Herbst slams state labor deal
Labor relations sometimes require drawing a line, according to First Selectman Tim Herbst. That line, though, has been erased at the state level, where labor groups have essentially become the fourth branch of government, he said.
Herbst, who is running for governor, slammed the labor deal that the State Senate approved Monday, calling it a triumph of Hartford insiders and Big Labor, at the expense of state taxpayers.
“This bogus bargain was masqueraded as reform, but in reality preserves and extends the status quo in Connecticut, protecting lavish perks for insiders and refusing to acknowledge the damage the state’s finances have wrought on our economy,” he said.
Worse, Herbst said, is that labor deals continue to have repercussions for years.
“These provisions and contracts take up more and more of the state budget, and we’re seeing more cuts to programs that directly impact people,” he said. “This deal ties the hands of future governors and legislatures.”
Herbst said his tenure in Trumbull has been marked by tough but respectful and honest labor relations.
“I’ve had a good working relationship with the union leaders, but we always understood there was a line that you simply did not cross,” he said. “Their job is to defend their members, mine is to defend taxpayers. We each have a job to do.”
Herbst said the relationships between legislators and labor groups in Hartford have blurred, or eliminated, the separation between legislators and labor.
“The Speaker of the House is a paid union employee, and that’s a problem” Herbst said. “We have four branches of government in the state: executive, legislative, judicial, and union. I’m not against organized labor, but there are roles and responsibilities, and checks and balances, and there are lines you don’t cross.”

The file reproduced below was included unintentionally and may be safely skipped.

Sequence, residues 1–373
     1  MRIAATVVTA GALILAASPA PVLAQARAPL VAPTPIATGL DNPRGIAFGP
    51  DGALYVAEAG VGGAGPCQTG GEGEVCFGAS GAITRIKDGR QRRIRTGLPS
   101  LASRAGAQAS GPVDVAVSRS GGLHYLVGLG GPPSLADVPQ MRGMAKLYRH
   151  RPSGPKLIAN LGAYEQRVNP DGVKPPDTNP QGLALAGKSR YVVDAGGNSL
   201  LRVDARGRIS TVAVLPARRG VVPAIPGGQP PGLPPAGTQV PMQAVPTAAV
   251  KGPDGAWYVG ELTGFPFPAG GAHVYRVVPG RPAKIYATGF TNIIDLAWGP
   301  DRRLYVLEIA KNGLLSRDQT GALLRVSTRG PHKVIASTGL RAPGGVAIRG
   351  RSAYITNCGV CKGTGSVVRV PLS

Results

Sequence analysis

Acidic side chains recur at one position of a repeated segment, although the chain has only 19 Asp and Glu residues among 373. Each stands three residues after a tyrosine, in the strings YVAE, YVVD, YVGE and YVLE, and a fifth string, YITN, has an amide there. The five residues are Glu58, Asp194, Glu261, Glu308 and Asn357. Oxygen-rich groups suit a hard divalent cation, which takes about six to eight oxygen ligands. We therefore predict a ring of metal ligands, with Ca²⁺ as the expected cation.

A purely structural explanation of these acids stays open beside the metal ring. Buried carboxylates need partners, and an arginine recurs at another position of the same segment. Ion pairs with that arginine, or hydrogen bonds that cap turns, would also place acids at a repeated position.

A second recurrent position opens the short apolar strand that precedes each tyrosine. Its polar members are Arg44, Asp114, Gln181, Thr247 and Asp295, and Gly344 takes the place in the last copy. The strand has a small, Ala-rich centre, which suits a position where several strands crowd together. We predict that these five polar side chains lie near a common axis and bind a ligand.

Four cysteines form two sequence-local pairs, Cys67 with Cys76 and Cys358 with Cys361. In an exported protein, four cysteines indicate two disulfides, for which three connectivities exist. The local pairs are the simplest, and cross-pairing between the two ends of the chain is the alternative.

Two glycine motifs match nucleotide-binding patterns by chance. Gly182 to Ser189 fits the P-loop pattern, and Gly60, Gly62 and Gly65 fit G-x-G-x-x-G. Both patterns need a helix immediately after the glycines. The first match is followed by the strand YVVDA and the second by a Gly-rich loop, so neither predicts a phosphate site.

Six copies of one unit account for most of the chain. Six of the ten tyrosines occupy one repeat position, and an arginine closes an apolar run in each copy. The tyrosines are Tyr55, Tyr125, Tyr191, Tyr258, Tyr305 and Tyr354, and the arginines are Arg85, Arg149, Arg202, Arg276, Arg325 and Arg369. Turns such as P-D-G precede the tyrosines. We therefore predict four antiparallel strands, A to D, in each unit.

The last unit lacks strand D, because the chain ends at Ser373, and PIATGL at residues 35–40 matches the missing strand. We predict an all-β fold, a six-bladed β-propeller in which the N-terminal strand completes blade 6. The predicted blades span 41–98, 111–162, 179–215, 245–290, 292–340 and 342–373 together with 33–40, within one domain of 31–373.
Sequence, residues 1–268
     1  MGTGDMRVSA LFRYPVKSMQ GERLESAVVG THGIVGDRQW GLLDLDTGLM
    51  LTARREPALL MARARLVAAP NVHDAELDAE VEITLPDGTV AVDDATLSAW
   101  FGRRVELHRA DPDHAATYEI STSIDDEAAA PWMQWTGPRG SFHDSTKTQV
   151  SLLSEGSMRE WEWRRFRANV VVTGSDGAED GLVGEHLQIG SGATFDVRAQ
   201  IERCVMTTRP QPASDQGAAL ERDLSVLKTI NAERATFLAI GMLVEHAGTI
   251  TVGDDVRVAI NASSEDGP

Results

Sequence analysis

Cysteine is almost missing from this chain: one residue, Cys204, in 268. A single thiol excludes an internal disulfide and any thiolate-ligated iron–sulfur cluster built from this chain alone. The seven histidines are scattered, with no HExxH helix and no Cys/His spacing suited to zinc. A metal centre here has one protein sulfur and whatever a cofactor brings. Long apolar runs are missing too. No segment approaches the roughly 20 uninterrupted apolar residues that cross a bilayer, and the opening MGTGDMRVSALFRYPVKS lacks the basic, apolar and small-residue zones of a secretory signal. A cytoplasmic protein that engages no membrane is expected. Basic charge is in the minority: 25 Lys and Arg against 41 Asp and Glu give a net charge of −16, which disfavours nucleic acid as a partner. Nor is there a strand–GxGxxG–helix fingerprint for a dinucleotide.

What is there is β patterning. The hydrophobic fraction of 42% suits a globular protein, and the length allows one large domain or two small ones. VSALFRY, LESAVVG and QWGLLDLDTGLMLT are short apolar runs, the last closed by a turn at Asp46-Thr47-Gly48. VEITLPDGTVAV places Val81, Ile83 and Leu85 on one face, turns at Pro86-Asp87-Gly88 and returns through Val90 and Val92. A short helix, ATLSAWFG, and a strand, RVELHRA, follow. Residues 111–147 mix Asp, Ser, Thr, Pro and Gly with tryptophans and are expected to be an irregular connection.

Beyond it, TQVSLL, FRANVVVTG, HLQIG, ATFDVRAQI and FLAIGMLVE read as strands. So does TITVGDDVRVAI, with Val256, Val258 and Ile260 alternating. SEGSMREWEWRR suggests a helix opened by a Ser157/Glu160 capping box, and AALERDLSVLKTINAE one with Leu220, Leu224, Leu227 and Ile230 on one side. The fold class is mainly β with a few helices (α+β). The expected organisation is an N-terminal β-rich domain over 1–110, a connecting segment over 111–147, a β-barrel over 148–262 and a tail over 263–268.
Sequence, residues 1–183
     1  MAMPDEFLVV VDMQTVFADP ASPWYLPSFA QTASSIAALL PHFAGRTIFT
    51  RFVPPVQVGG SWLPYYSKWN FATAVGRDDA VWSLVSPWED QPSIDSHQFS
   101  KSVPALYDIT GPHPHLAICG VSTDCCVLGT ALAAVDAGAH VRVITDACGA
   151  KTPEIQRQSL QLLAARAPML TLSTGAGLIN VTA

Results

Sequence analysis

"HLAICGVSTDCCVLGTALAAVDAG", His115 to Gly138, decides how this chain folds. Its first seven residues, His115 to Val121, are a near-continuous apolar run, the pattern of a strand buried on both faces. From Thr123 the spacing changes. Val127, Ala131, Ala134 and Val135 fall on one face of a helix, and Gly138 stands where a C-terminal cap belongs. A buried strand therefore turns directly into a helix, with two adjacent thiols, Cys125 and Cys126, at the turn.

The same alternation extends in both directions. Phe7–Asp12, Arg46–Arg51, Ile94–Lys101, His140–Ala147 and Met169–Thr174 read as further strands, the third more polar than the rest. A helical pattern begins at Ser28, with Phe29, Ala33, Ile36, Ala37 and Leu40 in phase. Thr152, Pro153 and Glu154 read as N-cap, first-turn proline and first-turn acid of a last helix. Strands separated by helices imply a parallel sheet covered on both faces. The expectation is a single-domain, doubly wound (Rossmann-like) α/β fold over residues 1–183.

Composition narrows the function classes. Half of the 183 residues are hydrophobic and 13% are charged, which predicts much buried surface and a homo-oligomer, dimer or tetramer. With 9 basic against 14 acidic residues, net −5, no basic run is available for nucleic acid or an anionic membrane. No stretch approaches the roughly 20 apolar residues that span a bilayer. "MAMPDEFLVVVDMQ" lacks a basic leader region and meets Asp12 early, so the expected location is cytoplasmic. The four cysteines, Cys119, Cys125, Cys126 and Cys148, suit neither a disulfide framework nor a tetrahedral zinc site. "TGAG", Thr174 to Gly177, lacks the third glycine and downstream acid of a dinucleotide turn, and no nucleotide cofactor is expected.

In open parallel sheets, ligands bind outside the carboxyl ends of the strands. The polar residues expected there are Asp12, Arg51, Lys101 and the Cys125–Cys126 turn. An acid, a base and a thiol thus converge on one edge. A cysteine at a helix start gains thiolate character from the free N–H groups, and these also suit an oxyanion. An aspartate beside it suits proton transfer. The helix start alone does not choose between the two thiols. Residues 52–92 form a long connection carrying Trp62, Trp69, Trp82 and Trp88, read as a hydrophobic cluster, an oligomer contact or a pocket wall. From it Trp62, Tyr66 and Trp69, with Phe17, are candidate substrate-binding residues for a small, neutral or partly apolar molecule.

In Trumbull, Herbst said he has negotiated a dozen labor deals and gotten a number of concessions, including reductions of longevity payouts, increased health contributions and eliminating pensions for new hires.
Rivalry heats up?
Herbst also downplayed news reports of escalating tension between himself and Shelton Mayor Mark Lauretti, who is also running for governor. The two clashed publicly last week over Lauretti’s claims that Trumbull businesses had been finding greener pastures for employees in Shelton, to which Herbst responded by comparing the school systems of the two communities. Lauretti also acknowledged the federal investigation into his administration, which resulted in charges against some city officials but not Lauretti, calling himself “the most thoroughly vetted candidate in the state.”
Herbst had a different take.
“Mayor Lauretti has been taking shots at me since the beginning, and now he’s using two-year-old data to try and stir up some drama,” Herbst said. “But tell me this: If he’s such a good administrator, why wasn’t he minding the store when town officials were going to jail on his watch?”
Lauretti called the school comparison “nonsense,” commenting that, “When you’re desperate you say things like that. When you don’t have anything meaningful to say you start to make things up.”
Lauretti also cited Herbst’s combative political style.
“He thinks that he can attack every and anybody whenever he wants,” he said. “He’s got a track record that’s not so flattering.”
That comment drew a sharp response from Herbst.
“This guy has real chutzpah taking shots at anyone else,” Herbst said. “When you’re involved in politics for any length of time, as some of us have been, you are going to have baggage. He has two sets of luggage. None of us have ever played golf under helicopter surveillance.”